Public Square Studio

American common space is in a state of flux. As demographics shift, technologies advance, cultural mores morph, and economies + politics churn, our cherished public spaces are becoming obsolete empty vessels of nostolgia. How can architects and urban desingers alter these spaces to accomodate the new and ever-changing character of American public space? This is the question that Kent State University's CUDC Fall 2006 Graduate Studio will investigate.

Sunday, November 19, 2006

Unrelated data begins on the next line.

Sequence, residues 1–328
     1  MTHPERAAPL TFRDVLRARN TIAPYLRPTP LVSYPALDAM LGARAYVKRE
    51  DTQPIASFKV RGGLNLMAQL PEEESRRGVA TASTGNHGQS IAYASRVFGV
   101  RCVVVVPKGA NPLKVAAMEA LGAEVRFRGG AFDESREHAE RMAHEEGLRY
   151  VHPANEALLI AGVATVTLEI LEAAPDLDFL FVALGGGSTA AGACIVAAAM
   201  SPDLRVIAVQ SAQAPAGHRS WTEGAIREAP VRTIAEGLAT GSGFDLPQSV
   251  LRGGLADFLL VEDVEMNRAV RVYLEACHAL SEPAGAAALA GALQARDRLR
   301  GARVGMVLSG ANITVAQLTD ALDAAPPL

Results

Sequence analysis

An interesting dialogue began to shape between the three juries this past Friday. Each group presented three completely different trajectories for reaching a possible design. The first group was engulfed in a series of diagramming in which they would create a diagram, extract possible conceptual frameworks from that diagram, then proceed to re-diagram. This cycle of post-rationalizing diagrammatic processes without any kind of preconceived 'goal' pushed the designers to continuously reconceptualize their project in unpredicted ways. However, this cyclic process could continue indefinitely without producing design. The point of departure towards actualization of a conceptual framework is therefore extremely important, as was suggested by the jury. The second group initially devised a 'goal' (unlike the first group) and have been working towards an actualization of that concept. Pragmatic problems have dampered the actualization of this concept, whereas a move towards abstraction or diagramming (away from the pragmatic concerns of the project) could have been useful (as suggested by the jury). The third group represented the time-tested way of producing architecture. Working within a somewhat vague conceptual framework, the designers have produced a very pragmatic and willful design which addresses many of the complicated and contradictory pragmatic issues of the site. The jury recommended a re-focusing of the initial conceptual framework. None of the three presented trajectories are 'right,' but all offer advantages and disadvantages, which were all very explicitly noted by the jurors. We'll see where the trajectories end by the final jury.


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